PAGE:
MicroLED has been around for many years. The density wall has never been surpassed, so the industry went through the trouble of developing OLED. Samsung is pushing QLED as an alternative, since they lack the fixes LG implemented for their TVs. In the mean-time, Samsung wants people to think they're doing something, while QLED pixel displays are still stuck in the labs.

FALD is also hitting the same density wall MicroLED is, so VA can't save you.

OLED is your only hope. Burn-in gets to be less and less of a problem every day, just like it did with new CRT technologies.
 
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Vega

Supreme [H]ardness
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mLED is only in a super large TV prototype because they cannot make LED's small enough yet. mLED in computer monitor size is a decade away, if ever.
 

Sancus

[H]ard|Gawd
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I'll be excited about the PQ22UC when it goes up for preorders haha... Been burned too many times by the monitor industry and promising products that end up vaporware for years.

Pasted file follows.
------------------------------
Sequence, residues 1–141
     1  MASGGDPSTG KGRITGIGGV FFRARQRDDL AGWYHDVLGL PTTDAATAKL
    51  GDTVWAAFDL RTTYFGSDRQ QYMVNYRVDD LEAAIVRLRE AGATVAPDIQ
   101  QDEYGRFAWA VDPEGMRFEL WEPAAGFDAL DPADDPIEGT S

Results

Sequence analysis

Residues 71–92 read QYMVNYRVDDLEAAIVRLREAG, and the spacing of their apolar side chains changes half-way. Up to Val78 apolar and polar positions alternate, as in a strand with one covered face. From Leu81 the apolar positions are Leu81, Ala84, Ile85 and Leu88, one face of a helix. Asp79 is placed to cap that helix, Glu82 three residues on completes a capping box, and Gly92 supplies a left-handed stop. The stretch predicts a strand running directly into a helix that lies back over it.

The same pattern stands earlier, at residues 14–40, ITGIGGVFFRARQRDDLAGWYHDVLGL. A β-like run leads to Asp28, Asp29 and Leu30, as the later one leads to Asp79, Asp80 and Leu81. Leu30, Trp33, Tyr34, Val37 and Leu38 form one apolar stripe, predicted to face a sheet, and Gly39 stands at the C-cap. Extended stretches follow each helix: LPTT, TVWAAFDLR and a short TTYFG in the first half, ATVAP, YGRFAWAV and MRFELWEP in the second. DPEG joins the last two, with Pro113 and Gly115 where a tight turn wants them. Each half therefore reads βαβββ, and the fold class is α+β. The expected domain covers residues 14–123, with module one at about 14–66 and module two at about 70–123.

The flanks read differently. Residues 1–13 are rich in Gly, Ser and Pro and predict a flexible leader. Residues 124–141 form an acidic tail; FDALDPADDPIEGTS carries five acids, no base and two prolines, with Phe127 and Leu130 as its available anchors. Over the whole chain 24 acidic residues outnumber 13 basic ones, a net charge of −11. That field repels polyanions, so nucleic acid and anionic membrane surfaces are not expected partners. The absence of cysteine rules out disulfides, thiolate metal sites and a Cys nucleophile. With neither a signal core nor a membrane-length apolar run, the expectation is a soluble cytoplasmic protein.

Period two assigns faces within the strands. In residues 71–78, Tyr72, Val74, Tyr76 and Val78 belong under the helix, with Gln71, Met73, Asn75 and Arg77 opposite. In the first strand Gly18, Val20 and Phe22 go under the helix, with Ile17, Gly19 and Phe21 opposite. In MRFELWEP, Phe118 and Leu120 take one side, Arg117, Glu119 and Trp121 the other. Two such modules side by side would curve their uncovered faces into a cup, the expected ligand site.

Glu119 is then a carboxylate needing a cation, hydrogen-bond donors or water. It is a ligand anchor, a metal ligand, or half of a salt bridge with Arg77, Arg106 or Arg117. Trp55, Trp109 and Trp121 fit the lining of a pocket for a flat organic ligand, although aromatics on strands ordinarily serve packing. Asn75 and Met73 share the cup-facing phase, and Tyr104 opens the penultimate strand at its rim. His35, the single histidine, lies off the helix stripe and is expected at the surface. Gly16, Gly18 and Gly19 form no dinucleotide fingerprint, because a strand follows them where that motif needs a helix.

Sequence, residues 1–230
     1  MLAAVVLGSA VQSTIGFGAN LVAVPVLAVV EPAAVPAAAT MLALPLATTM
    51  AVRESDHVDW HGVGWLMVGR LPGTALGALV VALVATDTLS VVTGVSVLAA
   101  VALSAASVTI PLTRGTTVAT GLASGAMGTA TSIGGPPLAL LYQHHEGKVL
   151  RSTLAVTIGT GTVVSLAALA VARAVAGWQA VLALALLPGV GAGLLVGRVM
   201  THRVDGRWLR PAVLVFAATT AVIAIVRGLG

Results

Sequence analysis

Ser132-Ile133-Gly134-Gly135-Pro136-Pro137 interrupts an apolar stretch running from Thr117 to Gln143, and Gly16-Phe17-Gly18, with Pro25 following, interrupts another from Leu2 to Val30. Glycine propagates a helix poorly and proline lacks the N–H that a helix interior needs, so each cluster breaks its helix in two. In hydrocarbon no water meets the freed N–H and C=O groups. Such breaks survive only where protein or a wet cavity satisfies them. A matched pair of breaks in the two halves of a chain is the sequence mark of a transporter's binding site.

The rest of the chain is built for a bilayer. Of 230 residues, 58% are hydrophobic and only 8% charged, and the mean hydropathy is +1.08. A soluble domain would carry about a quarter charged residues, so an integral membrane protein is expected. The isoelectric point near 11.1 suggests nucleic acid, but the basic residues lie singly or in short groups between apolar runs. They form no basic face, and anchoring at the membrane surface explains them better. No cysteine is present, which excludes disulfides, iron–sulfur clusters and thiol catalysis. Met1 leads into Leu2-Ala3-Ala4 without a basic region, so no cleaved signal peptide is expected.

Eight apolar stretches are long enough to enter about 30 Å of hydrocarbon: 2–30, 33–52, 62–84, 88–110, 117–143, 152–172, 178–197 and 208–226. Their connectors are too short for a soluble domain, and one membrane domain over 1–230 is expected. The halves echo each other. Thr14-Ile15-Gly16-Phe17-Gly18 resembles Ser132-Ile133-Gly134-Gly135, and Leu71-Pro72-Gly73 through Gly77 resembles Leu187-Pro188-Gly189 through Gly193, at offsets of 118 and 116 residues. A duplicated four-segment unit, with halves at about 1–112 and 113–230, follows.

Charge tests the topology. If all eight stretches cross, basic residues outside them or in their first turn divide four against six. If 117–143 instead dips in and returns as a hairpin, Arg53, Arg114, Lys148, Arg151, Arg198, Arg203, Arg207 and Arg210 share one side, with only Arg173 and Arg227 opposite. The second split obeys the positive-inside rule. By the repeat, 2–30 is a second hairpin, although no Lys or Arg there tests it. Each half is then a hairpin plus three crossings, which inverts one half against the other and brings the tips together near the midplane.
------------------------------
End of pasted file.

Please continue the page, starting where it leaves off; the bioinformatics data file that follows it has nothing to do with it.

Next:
Vega

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I will be shocked to see the PQ22UC before 2019, it's an ASUS product.
 

face2palm

Gawd
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Samsung's MicroLED should be the better choice for computer monitors as it is similar to OLED but fixes the image retention/burn in issues. I bet we will start seeing monitors go to this tech rather than OLED. The first MicroLED TV will be out later this year, so Id expect monitors to start popping up in late 2019-2020

Samsung marketing at its finest.
 

defaultluser

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Samsung marketing at its finest.

Right, Sony demonstrated a higher-ppi version of this tech back in 2012. Crystal LED, 55" lab prototype. 40ppi, horizontal

https://www.cnet.com/news/sony-unveils-crystal-led-display-at-ces/

The production version from Samsung 5 years later is lower (30 ppi), but much larger because of the Lego-consruction.

Seems you can't produce the 40ppi of the lab prototype, and things seem to only be headed in-reverse. Sony's latest Crystal LED PRODUCT is even bigger than he Wall, but only 20ppi.

http://avstumpfl.com/en/references/sonys-crystal-led-display-system-at-infocomm/